The NHS Confederation announced yesterday that its chief executive, Mike Farrar, would be standing down at the end of the month. It was a reasonably abrupt announcement, although Mr Farrar did establish a consultancy business in addition to his duties with the Confederation some months ago, so although his resignation has come somewhat out of the blue, his decision to move into the consultancy world full-time is hardly shocking. In standing down, Mr Farrar has perhaps also taken himself at least somewhat out of firing line ahead of an independent inquiry into the failings at University Hospitals of Morecambe Bay (Mr Farrar headed up the local Strategic Health Authority during the period covered by the enquiry). If the more recent inquiries and reports into standards of NHS care are anything to go by, the plausible scenario is that the inquiry will generate some damning criticisms of the local health service and its leaders.
But Mr Farrar did not just announce that he was standing down from the NHS Confederation. He also revealed that he would not be applying to succeed Sir David Nicholson as NHS Chief Executive when Sir David retires in March.
With this additional revelation, Mr Farrar joined a lengthening list of candidates who have ruled themselves out of the running to take Sir David’s chair. Former NHS England chief operating officer and deputy chief executive Ian Dalton has already ruled himself out (having taken up the position of the President of Global Health at BT Global Services), as have Sir Bruce Keogh (NHS England medical director) and Dame Barbara Hakin, who succeeded Mr Dalton as NHS England deputy chief executive on an interim basis. Indeed, it is now looking unlikely that Sir David’s successor will come from within NHS England – and possibly not even from within the NHS.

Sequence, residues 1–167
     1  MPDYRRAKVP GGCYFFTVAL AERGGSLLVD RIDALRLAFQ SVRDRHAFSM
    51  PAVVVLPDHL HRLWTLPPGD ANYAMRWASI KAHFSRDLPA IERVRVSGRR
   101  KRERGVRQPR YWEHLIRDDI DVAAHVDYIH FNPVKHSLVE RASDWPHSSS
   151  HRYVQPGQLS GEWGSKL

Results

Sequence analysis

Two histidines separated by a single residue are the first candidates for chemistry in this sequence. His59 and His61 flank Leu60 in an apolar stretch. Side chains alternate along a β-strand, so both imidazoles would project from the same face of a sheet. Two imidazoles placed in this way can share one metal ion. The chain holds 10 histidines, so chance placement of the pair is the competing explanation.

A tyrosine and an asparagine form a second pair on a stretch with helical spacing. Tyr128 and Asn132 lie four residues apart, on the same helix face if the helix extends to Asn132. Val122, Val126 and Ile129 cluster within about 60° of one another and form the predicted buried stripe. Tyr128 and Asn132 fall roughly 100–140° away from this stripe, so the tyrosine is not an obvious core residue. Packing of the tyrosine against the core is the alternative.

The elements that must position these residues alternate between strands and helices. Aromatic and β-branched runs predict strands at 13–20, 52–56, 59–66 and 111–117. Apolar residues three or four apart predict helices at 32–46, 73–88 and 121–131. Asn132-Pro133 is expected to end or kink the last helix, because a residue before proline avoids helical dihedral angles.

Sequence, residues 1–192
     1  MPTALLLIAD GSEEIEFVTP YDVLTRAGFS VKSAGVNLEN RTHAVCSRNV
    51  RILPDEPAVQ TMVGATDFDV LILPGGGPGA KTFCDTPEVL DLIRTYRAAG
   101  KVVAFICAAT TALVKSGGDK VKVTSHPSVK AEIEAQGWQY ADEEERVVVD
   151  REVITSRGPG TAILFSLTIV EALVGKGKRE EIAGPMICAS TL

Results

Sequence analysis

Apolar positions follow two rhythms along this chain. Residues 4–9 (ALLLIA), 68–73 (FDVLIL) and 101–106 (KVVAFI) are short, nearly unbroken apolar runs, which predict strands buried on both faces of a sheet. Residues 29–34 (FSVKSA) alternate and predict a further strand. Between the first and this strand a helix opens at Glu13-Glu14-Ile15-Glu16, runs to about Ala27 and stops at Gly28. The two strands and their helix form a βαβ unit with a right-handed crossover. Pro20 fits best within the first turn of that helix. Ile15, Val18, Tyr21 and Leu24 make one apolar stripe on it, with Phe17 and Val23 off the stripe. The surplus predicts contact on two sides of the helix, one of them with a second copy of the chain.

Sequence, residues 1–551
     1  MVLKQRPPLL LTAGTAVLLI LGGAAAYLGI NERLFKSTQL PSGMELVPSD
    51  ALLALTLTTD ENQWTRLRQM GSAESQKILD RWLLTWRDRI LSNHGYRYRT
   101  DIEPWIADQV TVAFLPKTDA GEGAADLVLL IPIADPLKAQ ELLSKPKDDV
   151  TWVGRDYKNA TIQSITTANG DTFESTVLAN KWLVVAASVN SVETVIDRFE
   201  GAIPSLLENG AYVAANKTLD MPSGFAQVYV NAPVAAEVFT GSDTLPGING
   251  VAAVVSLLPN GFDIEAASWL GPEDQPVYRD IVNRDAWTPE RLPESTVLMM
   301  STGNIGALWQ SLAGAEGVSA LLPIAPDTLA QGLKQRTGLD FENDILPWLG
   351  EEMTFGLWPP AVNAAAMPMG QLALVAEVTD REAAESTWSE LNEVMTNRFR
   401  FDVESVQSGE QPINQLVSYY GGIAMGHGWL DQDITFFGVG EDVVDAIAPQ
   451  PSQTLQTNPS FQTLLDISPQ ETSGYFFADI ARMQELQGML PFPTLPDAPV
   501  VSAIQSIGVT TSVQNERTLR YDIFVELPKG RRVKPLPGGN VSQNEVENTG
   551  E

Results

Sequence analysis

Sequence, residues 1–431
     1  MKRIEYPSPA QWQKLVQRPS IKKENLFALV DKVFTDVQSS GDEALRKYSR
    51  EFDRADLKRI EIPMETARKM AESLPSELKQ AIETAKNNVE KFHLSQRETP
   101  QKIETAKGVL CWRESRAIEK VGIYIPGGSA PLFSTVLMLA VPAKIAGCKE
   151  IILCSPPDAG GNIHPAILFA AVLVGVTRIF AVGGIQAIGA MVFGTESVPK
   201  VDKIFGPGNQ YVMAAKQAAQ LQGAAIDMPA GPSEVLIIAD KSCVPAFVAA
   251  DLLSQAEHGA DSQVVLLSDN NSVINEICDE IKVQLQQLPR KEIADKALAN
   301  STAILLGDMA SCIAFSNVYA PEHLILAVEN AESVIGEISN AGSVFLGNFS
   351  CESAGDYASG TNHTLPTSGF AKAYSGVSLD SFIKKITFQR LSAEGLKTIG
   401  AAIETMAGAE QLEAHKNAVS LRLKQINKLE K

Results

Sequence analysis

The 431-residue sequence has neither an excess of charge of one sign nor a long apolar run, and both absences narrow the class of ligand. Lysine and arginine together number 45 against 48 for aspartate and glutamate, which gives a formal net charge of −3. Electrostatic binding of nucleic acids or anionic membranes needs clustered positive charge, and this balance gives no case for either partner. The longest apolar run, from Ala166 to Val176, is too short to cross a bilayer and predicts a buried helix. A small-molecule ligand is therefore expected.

There is admittedly still nearly six months until Sir David retires and a number of highly plausible candidates have been mooted as possible successors – including US-expert Professor Don Berwick (author of the high profile review into NHS patient care earlier in the year) and Dr Mark Britnell (formerly a senior figure within the NHS, now global head of health at KPMG). However, Mr Farrar’s withdrawal from consideration will further reduce the options for NHS England Chair Professor Malcolm Grant, and ultimately for Health Secretary Jeremy Hunt. It also underlines the now very public nature of the chief executive role and whoever succeeds Sir David can be expected to face similar levels of scrutiny not only from the specialist healthcare media but from the national press.
The job description for the role of NHS England chief executive has stated that healthcare experience is not essential, but that the successful candidate will have a track record of securing value for money. It now looks increasingly likely that the role may be filled by a candidate from outside the UK as Ministers attempt to create a break from anyone caught in one of the recent health service scandals. But could we see a completely unexpected candidate, from outside not only the NHS but the healthcare sector, come to the fore? Or, as Alastair McLellan of the Health Service Journal has suggested, could we see Sir David still at the helm after March 2014 – albeit in a caretaker role?